# Ideal sheaf

In algebraic geometry and other areas of mathematics, an **ideal sheaf** (or **sheaf of ideals**) is the global analogue of an ideal in a ring. The ideal sheaves on a geometric object are closely connected to its subspaces.

## Definition

Let *X* be a topological space and *A* a sheaf of rings on *X*. (In other words, (*X*, *A*) is a ringed space.) An ideal sheaf *J* in *A* is a subobject of *A* in the category of sheaves of *A*-modules, i.e., a subsheaf of *A* viewed as a sheaf of abelian groups such that

- Γ(
*U*,*A*) · Γ(*U*,*J*) ⊆ Γ(*U*,*J*)

for all open subsets *U* of *X*. In other words, *J* is a sheaf of *A*-submodules of *A*.

## General properties

- If
*f*:*A*→*B*is a homomorphism between two sheaves of rings on the same space*X*, the kernel of*f*is an ideal sheaf in*A*. - Conversely, for any ideal sheaf
*J*in a sheaf of rings*A*, there is a natural structure of a sheaf of rings on the quotient sheaf*A*/*J*. Note that the canonical map

- Γ(
*U*,*A*)/Γ(*U*,*J*) → Γ(*U*,*A*/*J*)

- Γ(
- for open subsets
*U*is injective, but not surjective in general. (See sheaf cohomology.)

## Algebraic geometry

In the context of schemes, the importance of ideal sheaves lies mainly in the correspondence between closed subschemes and *quasi-coherent* ideal sheaves. Consider a scheme *X* and a quasi-coherent ideal sheaf *J* in O_{X}. Then, the support *Z* of O_{X}/*J* is a closed subspace of *X*, and (*Z*, O_{X}/*J*) is a scheme (both assertions can be checked locally). It is called the closed subscheme of *X* defined by *J*. Conversely, let *i*: *Z* → *X* be a closed immersion, i.e., a morphism which is a homeomorphism onto a closed subspace such that the associated map

*i*^{#}: O_{X}→*i*_{⋆}O_{Z}

is surjective on the stalks. Then, the kernel *J* of *i*^{#} is a quasi-coherent ideal sheaf, and *i* induces an isomorphism from *Z* onto the closed subscheme defined by *J*.[1]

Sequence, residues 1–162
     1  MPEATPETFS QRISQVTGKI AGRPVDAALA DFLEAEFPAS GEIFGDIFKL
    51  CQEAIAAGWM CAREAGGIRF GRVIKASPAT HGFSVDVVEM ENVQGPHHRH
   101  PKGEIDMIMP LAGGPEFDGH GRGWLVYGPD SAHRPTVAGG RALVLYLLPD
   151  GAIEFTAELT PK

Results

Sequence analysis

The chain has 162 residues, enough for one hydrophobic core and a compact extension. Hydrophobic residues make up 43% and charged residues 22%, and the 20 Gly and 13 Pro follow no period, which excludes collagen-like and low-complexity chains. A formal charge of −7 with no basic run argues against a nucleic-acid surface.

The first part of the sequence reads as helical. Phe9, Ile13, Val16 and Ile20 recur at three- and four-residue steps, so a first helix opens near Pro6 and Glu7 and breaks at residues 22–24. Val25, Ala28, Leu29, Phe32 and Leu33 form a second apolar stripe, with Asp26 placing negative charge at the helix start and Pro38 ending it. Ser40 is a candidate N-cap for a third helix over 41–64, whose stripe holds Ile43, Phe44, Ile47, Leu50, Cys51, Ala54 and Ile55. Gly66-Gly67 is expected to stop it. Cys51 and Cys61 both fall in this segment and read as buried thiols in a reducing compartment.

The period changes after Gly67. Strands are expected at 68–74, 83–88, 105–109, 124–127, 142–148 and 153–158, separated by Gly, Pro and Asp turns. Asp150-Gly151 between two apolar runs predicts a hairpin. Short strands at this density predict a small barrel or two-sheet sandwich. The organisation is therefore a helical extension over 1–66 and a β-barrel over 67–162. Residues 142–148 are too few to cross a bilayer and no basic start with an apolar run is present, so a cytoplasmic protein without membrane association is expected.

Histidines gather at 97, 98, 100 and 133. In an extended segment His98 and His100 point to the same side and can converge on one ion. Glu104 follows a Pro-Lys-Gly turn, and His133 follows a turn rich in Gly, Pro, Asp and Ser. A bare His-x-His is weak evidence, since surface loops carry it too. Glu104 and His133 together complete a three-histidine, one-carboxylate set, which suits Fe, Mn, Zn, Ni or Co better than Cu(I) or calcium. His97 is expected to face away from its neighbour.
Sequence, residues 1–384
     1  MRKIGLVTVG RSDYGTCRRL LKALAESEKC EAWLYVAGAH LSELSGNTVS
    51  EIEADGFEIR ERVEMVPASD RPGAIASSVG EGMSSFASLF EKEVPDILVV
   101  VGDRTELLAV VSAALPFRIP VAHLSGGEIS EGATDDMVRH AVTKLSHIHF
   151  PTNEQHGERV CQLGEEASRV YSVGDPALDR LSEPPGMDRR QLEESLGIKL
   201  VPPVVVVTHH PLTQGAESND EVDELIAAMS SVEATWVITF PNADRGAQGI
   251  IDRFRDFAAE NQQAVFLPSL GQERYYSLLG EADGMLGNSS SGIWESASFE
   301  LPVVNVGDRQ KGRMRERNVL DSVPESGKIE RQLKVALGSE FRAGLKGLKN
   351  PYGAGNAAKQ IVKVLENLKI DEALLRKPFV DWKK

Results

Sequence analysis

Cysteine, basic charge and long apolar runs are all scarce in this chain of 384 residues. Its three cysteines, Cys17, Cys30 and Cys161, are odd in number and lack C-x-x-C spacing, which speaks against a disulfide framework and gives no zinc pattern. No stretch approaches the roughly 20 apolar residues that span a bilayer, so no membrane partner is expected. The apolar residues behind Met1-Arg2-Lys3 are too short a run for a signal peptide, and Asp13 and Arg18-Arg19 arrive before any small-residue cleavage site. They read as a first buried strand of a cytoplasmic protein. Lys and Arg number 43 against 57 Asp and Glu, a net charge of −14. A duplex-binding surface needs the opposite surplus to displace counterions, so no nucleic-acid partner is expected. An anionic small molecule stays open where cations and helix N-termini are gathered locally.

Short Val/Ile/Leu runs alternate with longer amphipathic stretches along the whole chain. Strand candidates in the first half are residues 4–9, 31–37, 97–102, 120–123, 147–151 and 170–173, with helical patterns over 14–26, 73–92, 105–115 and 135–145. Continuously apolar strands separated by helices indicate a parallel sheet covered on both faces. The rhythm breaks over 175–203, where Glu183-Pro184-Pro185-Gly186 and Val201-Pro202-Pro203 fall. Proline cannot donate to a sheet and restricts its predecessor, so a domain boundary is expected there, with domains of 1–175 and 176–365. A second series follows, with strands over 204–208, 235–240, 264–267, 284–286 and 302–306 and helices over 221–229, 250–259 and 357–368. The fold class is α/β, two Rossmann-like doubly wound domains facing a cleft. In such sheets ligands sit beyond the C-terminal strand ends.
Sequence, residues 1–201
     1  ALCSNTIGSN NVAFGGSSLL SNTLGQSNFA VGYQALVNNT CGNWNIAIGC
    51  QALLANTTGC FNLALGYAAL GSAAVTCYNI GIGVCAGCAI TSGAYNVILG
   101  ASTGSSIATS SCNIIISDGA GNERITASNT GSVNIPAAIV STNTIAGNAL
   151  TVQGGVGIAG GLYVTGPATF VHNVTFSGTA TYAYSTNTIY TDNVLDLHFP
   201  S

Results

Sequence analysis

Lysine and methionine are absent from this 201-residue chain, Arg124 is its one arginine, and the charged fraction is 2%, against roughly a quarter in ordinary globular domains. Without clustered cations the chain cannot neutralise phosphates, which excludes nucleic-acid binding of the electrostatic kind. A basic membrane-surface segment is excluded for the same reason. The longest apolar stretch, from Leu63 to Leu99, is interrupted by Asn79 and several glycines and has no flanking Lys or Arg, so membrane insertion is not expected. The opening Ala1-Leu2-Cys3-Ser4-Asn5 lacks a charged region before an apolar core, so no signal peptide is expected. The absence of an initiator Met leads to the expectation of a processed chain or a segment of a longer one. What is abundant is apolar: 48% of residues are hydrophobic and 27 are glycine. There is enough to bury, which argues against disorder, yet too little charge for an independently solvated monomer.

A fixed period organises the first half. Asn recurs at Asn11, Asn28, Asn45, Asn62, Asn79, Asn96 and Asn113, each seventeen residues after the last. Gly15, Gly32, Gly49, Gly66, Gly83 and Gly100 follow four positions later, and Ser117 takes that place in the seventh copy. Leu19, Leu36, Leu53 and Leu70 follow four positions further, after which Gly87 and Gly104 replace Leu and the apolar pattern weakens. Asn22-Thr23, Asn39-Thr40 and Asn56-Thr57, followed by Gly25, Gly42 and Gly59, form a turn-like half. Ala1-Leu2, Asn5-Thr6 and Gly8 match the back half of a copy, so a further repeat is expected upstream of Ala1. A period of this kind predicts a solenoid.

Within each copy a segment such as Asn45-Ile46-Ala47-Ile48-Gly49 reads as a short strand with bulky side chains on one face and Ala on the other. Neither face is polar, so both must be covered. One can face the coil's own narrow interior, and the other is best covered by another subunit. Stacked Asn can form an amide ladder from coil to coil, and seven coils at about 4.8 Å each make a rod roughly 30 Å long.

A particular case of this correspondence is the unique reduced subscheme *X*_{red} of *X* having the same underlying space, which is defined by the nilradical of O_{X} (defined stalk-wise, or on open affine charts).[2]

For a morphism *f*: *X* → *Y* and a closed subscheme *Y′* ⊆ *Y* defined by an ideal sheaf *J*, the preimage *Y′* ×_{Y} *X* is defined by the ideal sheaf[3]

*f*^{⋆}(*J*)O_{X}= im(*f*^{⋆}*J*→ O_{X}).

The pull-back of an ideal sheaf *J* to the subscheme *Z* defined by *J* contains important information, it is called the conormal bundle of *Z*. For example, the sheaf of Kähler differentials may be defined as the pull-back of the ideal sheaf defining the diagonal *X* → *X* × *X* to *X*. (Assume for simplicity that *X* is separated so that the diagonal is a closed immersion.)[4]

## Analytic geometry

In the theory of complex-analytic spaces, the Oka-Cartan theorem states that a closed subset *A* of a complex space is analytic if and only if the ideal sheaf of functions vanishing on *A* is coherent. This ideal sheaf also gives *A* the structure of a reduced closed complex subspace.

## References

- EGA I, 4.2.2 b)
- EGA I, 5.1
- EGA I, 4.4.5
- EGA IV, 16.1.2 and 16.3.1

- Éléments de géométrie algébrique
- H. Grauert, R. Remmert:
*Coherent Analytic Sheaves*. Springer-Verlag, Berlin 1984